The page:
In contract law in the United States, this is a "liquidated damages" clause. It provides that when one side breaches the contract, it has to pay a certain amount of money to make up for it. Normally this is done where it is difficult to calculate the actual damages in the event of a breach, or where the parties would rather avoid calculating the actual damages--a common example is where you put in an earnest money deposit on a house and then forfeit the earnest money if you do not buy.
However, there are restrictions on what kind of damages are permitted. Notably, a "penalty" usually refers to an unreasonable amount that is unenforceable as against public policy. It would ordinarily be unreasonable to make someone pay a hundred million dollar penalty for breaking a ten thousand dollar contract, for example. Liquidated damages clauses frequently say "this is not a penalty" and "the parties agree this is reasonable" to make it harder to invalidate them on public policy grounds.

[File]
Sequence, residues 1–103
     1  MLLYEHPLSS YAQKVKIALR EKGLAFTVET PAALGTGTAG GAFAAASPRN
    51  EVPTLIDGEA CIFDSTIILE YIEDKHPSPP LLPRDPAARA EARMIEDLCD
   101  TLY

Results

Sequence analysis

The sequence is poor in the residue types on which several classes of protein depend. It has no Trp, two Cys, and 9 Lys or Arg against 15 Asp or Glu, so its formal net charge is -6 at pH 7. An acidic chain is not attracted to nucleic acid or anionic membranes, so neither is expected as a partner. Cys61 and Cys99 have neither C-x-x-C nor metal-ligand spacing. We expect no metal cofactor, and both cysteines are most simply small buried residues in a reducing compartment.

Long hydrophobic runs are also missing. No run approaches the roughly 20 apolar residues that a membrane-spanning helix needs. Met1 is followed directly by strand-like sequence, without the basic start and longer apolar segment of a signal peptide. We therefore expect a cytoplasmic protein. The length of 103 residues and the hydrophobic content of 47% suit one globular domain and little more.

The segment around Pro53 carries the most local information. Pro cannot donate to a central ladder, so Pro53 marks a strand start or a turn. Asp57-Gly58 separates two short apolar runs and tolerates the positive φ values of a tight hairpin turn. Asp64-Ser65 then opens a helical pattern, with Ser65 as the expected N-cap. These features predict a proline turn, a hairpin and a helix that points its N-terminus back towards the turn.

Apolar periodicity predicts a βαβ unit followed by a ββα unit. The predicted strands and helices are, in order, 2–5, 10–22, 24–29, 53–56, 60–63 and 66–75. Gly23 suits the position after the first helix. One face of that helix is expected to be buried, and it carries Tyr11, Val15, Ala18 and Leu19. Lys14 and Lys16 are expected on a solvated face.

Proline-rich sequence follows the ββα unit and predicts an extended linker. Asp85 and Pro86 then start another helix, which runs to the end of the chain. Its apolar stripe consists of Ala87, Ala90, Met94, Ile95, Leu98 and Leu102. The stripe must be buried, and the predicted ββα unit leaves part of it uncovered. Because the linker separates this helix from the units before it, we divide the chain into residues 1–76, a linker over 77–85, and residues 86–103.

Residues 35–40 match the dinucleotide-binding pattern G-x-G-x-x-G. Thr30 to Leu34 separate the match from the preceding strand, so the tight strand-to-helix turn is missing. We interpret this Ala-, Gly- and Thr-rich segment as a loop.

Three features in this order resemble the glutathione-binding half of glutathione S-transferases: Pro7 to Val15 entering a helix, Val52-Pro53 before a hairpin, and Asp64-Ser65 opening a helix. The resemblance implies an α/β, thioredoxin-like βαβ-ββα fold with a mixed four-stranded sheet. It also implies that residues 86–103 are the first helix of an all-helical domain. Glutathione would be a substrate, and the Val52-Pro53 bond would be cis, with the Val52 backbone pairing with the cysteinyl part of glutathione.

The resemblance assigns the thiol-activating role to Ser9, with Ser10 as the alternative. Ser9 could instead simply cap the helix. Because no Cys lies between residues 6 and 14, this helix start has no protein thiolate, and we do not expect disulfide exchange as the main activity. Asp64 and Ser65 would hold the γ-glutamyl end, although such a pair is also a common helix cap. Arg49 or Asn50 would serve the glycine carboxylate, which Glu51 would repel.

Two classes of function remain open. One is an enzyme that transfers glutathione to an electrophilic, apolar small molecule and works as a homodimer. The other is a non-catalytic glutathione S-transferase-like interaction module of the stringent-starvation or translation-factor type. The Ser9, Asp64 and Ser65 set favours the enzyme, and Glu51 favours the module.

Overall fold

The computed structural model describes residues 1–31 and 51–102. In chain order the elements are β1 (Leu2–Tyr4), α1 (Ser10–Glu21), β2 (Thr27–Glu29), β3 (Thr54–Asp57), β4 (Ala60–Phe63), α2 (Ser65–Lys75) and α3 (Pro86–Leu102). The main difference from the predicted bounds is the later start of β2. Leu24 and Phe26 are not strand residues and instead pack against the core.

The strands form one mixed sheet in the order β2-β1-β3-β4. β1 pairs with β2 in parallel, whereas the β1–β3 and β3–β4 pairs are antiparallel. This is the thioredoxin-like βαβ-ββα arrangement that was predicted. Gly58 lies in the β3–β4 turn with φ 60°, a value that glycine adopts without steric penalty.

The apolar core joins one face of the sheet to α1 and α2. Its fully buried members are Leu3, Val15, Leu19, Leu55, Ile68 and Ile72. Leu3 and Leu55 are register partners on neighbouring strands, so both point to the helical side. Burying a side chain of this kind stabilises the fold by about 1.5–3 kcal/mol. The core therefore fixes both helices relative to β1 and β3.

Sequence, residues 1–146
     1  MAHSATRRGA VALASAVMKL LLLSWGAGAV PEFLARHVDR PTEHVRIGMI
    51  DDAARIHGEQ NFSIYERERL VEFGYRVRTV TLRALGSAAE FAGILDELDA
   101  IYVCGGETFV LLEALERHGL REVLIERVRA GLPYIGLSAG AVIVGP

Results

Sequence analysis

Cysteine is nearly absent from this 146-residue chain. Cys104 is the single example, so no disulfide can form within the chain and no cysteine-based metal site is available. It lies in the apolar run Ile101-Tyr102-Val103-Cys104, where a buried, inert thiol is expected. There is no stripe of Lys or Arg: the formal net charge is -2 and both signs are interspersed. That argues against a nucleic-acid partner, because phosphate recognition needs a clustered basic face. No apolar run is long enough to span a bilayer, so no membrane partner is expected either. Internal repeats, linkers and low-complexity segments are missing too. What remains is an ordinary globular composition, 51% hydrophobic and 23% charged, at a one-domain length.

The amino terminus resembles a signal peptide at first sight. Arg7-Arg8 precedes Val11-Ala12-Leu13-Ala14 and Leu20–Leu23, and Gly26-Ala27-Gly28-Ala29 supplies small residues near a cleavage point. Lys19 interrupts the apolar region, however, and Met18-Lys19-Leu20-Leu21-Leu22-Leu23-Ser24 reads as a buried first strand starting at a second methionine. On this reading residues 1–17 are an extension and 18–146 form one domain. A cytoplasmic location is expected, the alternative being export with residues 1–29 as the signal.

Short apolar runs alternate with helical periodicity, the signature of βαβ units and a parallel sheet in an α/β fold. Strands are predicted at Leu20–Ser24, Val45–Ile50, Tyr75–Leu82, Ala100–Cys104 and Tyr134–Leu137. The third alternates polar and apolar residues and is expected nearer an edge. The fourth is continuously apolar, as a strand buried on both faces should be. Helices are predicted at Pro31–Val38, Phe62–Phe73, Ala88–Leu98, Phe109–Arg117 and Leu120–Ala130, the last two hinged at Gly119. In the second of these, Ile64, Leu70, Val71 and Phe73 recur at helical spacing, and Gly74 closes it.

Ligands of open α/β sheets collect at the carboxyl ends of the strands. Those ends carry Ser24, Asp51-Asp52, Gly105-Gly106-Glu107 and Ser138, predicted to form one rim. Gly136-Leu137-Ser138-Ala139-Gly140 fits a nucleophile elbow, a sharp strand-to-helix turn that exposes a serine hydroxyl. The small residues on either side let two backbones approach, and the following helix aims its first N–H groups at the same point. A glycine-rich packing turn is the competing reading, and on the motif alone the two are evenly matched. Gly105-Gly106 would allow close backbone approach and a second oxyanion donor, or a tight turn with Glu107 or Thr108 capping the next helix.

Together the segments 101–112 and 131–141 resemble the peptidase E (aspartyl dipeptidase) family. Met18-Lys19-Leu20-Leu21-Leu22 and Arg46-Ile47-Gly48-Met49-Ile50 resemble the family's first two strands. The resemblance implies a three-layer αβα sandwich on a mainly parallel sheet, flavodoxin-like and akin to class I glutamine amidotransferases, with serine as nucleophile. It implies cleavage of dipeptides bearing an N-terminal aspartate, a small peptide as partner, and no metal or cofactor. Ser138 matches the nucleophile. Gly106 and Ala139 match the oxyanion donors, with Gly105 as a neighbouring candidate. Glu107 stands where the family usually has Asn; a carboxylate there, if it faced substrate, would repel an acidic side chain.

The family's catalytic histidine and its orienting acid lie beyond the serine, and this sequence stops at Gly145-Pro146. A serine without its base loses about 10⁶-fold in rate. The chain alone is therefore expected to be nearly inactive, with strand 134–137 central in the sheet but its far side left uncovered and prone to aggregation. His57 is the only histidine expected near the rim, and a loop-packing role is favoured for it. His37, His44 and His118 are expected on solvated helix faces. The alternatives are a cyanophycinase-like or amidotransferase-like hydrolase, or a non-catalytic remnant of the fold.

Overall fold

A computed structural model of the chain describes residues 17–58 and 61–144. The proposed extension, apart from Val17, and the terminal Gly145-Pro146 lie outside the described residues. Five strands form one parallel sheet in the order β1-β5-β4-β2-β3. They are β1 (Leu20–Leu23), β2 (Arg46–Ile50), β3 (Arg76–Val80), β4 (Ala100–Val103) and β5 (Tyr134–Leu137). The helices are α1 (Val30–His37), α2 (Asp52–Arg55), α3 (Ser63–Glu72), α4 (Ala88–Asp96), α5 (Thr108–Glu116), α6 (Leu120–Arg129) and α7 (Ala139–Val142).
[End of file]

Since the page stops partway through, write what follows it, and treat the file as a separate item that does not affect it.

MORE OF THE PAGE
Instead, if the liquidated damage payment is a payment meant to reflect actual damages that are just hard to calculate, it is much more likely to be enforceable. You would need to research liquidated damages and penalties in the state whose law governs the contract to determine whether the particular clause is permissible under state law.